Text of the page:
The order granting the defendants' motion for judgment n/o/v states only that no consideration existed for the agreement to divide profits. The trial judge may have thought that there had to be consideration for that agreement independent of the Seller's written undertaking to sell his stock. Or, the judge may have thought that, although the consideration for the extrinsic agreement to divide profits1 could be the written promise of Seller to transfer his stock, there was insufficient evidence for the jury to conclude that such written promise actually was the consideration. Under either hypothesis the District Court erred.
It now has been established that in connection with the Buyers' purchase of the Seller's stock there was a tripartite agreement, consisting of the formal written agreement, extrinsic agreements concerning Seller's claims for back salary and expenses, and the extrinsic agreement to divide the profits on the Sylvania sale.
Execution of the formal written agreement is not disputed. As to the extrinsic agreements concerning salary and expenses, the exhibits before us reveal that prior to October 13 the Seller wrote the Buyers that he would sell his stock only if he was paid $5,000 which he claimed as back salary and which the corporation denied owing him, and $430.31 expenses incurred by him on behalf of the corporation. These items were not mentioned in the formal instrument. When the attorney for Buyers closed the transaction on October 13, he delivered releases from the bank on the personal and corporate notes, title to the car, a cashier's check for $28,000 plus a promissory note of the Buyers for $10,000 (these in lieu of the $38,000 cash agreed), all of these being the items covered by the written agreement. But at the same time he also delivered checks for the $5,000 salary claim and the $430.31 expenses. The attorney secured one receipt from Seller for all items.
Turning to the agreement to split the profits of the Sylvania sale, whether that agreement was made is not a question at this juncture. The jury found that it was made.1A
This is not an instance of parties totally integrating into one written instrument all of their agreements on the subject matter and assenting to that document as the full and complete statement of everything that they have agreed upon. See 3 Corbin, Contracts, § 573; 4 Williston, Contracts, (3d ed.) § 633. Extrinsic evidence was, of course, admissible to make the threshold determination of whether the formal agreement was the total agreement or less than all of what had been agreed upon, 3 Corbin, Contracts, §§ 573, 582, 583. The fact that it was not the total agreement is established by the jury finding that the profit splitting agreement was made and the undisputed evidence of the extrinsic agreements concerning salary and expenses.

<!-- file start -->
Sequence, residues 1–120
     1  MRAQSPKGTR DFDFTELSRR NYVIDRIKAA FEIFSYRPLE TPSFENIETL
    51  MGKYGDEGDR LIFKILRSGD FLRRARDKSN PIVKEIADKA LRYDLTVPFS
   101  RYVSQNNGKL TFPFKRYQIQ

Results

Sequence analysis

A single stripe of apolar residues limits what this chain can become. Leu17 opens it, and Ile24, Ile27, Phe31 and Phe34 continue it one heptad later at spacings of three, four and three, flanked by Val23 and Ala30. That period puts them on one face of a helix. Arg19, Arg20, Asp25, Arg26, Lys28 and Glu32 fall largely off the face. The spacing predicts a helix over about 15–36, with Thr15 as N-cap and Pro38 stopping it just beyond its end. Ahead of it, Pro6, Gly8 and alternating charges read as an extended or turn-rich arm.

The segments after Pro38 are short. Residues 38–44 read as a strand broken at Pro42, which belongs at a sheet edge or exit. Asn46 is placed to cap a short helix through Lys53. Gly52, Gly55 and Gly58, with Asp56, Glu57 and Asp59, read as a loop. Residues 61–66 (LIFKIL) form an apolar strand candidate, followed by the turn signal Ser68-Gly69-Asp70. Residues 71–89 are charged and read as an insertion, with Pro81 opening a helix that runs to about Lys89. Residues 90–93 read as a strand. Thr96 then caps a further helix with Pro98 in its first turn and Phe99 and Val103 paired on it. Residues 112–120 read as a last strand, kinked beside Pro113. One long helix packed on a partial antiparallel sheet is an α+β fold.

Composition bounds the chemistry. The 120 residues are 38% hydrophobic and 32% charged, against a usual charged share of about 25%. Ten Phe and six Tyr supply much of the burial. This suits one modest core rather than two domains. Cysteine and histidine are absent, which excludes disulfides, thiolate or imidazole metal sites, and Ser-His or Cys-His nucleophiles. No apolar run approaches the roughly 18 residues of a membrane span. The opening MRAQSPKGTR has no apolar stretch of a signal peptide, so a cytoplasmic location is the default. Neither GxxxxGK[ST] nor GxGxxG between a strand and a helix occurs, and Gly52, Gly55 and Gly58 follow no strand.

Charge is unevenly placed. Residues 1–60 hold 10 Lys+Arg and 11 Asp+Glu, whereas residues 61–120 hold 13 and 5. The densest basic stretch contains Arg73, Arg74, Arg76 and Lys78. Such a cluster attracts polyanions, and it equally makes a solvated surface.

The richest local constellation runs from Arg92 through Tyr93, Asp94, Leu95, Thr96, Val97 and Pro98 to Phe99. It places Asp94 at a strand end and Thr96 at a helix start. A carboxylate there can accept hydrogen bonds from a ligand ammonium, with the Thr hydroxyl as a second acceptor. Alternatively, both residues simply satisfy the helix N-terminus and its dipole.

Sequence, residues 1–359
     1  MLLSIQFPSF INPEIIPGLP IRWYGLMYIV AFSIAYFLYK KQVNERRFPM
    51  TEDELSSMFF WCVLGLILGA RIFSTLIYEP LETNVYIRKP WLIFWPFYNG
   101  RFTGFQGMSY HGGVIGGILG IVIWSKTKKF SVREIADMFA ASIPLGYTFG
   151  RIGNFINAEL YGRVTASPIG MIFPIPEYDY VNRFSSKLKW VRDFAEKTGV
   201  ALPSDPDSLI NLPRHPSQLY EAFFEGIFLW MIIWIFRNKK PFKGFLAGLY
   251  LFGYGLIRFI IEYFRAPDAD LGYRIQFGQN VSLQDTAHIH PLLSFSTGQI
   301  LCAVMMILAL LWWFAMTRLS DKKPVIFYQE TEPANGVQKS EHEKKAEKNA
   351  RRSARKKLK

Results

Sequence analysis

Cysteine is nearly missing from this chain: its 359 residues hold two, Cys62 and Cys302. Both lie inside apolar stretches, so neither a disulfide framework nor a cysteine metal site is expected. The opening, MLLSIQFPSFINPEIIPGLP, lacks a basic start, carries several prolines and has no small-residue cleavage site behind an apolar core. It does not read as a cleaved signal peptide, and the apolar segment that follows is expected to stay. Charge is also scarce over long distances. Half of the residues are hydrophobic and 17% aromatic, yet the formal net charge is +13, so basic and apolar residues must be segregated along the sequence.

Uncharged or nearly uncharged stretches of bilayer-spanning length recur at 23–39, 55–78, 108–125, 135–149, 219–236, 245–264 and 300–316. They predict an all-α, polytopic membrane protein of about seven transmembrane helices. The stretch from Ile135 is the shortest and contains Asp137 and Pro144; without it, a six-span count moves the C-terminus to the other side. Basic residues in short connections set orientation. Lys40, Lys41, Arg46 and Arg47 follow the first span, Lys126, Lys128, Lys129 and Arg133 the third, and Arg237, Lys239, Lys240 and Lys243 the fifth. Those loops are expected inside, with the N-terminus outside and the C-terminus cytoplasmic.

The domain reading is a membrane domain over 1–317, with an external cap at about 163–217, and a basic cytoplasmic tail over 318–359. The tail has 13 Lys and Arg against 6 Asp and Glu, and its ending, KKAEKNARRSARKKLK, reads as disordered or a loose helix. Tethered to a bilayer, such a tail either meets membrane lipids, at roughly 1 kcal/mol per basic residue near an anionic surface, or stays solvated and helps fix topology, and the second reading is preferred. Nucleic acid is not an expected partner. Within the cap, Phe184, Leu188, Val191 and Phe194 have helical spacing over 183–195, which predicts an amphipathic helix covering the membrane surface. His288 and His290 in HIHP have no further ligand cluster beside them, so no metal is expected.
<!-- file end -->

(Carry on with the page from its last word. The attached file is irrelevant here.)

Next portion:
Parties can make their contracts in such forms as they see fit,2 and if they wish they can reduce some agreements to writing and leave others to oral expression and still others to partially oral and partially written form. A written agreement, though not a complete integration, may be the complete statement of certain things that have been negotiated out and agreed upon — the so-called "partial integration."3 But in this instance it is undisputed that the formal agreement was not an all-inclusive statement of the obligations to which the Buyers were committing themselves in consideration for Seller's transfer of his stock, because in addition to what they agreed to do on the face of the paper the Buyers agreed also to pay $5,000 salary and $430.31 expenses (and actually paid these amounts as part of the same closing transactions.)
Of course, there can be separate agreements touching the same general subject matter, one or more written and one or more oral, each supported by independent consideration.4 3 Corbin, Contracts, § 594 at p. 567; 4 Williston, Contracts (3d ed.) § 637. The "separate consideration" arrangement is carried forward into § 240(1) (a) of the Restatement of Contracts. Our discussion does not imply that there was separate consideration in this case — we do not know what all the evidence was on that issue — but we do know that independent consideration is not necessarily a prerequisite to enforcement of an extrinsic oral agreement. An oral promise is enforceable under many circumstances without any consideration other than that to be found for the promises made in the writing, and the separate oral agreement need not exist independently as a valid separate contract. These are the cases described in Restatement of Contracts § 240(1) (b). See also: 3 Corbin, Contracts, § 584 at pp. 478-480 and n. 96; 4 Williston, Contracts (3d ed.). §§ 637-638.
In a host of cases Texas has recognized the enforceability of an oral promise extrinsic to the face of a written instrument,5 which instrument is less than a full and complete integration of the entire transaction, with the sole consideration emanating from the promisee of the oral commitment being that which he promised in the written instrument.6 The stated reasons for enforcing the oral promise vary. In some instances it is said that the oral promise was made as an inducement to the promisee thereof to enter into the written contract;7 in others that the oral promise was "collateral" to the written agreement, which is the same test of that of the Restatement § 240(b)8 in others that the written agreement was executed by the parties in part performance of their undertakings under a more comprehensive and entire oral agreement,9 and in still others there are combinations of one or more of these articulations.